Her scholarship began with her dissertation on the central Spanish municipality of Ciudad Real. That research developed into her first book, Ciudad Real, 1500-1700: Growth, Crisis, and Readjustment in the Spanish Economy (Harvard University Press, 1979). Her interest in maritime history began when Jack Parker, curator of the James Ford Bell Library at the University of Minnesota, pointed her to a packet of documents regarding galleons built for Spanish naval service. That developed into her second book, Six Galleons for the King of Spain: Imperial Defense in the Early Seventeenth Century (Johns Hopkins University Press, 1986). The book garnered the Leo Gershoy Prize of the American Historical Association (1987), the Spain in America Prize (first prize) from the Spanish government, and a listing among Choice’s “Outstanding Academic Books.” A Spanish translation appeared in Madrid in 1991. Next she published two books co-authored with her husband, William D. Phillips, Jr. The first, The Worlds of Christopher Columbus (Cambridge University Press, 1992), received the Spain in America Prize (second prize), and the New York Times reviewed and cited it as a notable book of 1992. The second was Spain’s Golden Fleece: Wool Production and the Wool Trade from the Middle Ages to the Nineteenth Century (Johns Hopkins University Press, 1997), winner of the Leo Gershoy Prize of the American Historical Association for 1998 and a listing in Choice’s Outstanding Academic Titles, 1998-2002. A Spanish translation appeared in 2005. Carla’s next solo book was The Treasure of the San José: Death at Sea in the War of Spanish Succession (Johns Hopkins University Press, 2007), about a ship sunk by the British that carried what has long been thought (incorrectly) to be the richest treasure ever sunk. The Professional and Scholarly Publishing division of the American Association of Publishers honored the book with its “Award for Excellence in World History and Biography/Autobiography” in 2007. The publisher Marcial Pons Historia issued a Spanish translation in 2010. That same year, Carla and William Phillips published their most recent joint book, A Concise History of Spain (Cambridge University Press, 2010).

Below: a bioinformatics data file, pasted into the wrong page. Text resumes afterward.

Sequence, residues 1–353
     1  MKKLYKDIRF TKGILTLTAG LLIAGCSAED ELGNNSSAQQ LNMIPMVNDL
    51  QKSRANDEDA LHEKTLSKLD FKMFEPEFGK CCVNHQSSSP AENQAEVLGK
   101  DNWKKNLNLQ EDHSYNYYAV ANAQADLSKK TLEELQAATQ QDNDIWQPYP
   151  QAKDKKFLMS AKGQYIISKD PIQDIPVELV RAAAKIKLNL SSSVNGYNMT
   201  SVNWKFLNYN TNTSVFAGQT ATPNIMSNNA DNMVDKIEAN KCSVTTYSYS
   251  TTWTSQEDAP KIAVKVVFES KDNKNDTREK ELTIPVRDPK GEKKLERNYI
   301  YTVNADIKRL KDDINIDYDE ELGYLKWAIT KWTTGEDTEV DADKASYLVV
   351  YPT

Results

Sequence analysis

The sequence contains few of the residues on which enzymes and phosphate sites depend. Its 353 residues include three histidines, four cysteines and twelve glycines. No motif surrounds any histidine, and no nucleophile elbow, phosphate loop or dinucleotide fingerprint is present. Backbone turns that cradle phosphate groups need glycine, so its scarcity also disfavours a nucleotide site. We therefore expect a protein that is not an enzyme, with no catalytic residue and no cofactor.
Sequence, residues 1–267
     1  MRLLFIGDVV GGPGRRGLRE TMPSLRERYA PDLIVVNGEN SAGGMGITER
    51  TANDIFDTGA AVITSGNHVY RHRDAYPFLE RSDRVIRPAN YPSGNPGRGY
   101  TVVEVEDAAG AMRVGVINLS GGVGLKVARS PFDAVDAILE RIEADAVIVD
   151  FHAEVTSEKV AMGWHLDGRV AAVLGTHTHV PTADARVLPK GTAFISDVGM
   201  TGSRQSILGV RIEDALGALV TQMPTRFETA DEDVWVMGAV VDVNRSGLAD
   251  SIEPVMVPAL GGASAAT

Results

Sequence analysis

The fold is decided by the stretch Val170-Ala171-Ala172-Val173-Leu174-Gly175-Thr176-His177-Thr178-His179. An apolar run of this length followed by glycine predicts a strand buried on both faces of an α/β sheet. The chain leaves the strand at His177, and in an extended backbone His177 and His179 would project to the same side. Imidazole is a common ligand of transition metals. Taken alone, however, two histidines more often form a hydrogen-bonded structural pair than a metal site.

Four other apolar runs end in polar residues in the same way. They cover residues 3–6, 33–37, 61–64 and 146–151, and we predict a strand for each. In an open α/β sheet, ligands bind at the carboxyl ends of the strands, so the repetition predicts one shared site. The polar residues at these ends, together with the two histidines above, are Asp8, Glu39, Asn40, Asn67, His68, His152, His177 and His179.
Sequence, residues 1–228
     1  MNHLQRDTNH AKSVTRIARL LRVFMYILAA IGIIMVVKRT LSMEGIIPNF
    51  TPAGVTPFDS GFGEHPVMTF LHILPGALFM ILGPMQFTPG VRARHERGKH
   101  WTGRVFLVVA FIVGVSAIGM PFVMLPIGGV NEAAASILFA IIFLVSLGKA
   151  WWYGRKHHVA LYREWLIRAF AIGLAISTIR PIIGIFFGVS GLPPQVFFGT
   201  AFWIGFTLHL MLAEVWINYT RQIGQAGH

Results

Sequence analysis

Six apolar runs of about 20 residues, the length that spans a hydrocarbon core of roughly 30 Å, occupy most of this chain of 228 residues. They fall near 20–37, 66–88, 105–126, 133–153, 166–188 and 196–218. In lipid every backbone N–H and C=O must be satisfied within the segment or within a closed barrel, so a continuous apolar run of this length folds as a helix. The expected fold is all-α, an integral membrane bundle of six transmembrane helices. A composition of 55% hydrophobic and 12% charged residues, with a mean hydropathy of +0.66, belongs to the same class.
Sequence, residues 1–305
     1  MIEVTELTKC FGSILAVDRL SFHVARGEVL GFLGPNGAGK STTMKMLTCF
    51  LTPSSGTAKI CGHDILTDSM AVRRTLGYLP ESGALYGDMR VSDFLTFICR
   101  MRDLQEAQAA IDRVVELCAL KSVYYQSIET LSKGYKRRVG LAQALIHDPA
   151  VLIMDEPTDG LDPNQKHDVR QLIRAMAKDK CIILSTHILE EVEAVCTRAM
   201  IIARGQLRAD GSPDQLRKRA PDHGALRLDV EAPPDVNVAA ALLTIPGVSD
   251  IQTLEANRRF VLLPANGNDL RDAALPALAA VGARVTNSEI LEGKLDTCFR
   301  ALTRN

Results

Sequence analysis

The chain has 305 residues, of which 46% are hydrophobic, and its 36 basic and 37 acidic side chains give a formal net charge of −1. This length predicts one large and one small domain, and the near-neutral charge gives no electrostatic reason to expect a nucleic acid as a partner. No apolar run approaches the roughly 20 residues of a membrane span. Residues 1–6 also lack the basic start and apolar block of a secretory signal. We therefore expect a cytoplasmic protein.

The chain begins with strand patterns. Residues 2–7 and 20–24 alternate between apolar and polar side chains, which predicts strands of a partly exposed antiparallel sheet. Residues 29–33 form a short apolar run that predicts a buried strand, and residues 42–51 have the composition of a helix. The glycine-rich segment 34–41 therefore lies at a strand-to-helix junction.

Carla’s interest in maritime history now occupies most of her scholarly energies. She is finishing a translation and introduction for the Hakluyt Society in the U.K. about a Spanish voyage to the South Atlantic in 1581-84. She is also involved in various projects with the Maritime Museum of San Diego, where she became the first holder of the “Robert and Laura Kyle Chair in Maritime History” in 2009. The Museum is currently building a reconstruction of the galleon that Juan Rodríguez Cabrillo sailed into San Diego Bay in 1542 — the first European ship to visit San Diego. She chaired the historical advisory committee that planned the construction and volunteers with the build crew whenever she visits San Diego.
For her many outstanding publications in early modern social, economic, and maritime history, for her fine record of teaching and mentoring students, particularly at the University of Minnesota, and for her contributions to the scholarly community of maritime historians, we honor Carla Rahn Phillips and name her Fellow of the Society for the History of Discoveries.
Fifty-Fourth Annual Meeting of the Society for the History of Discoveries
November 1, 2013
Prepared by Carol Urness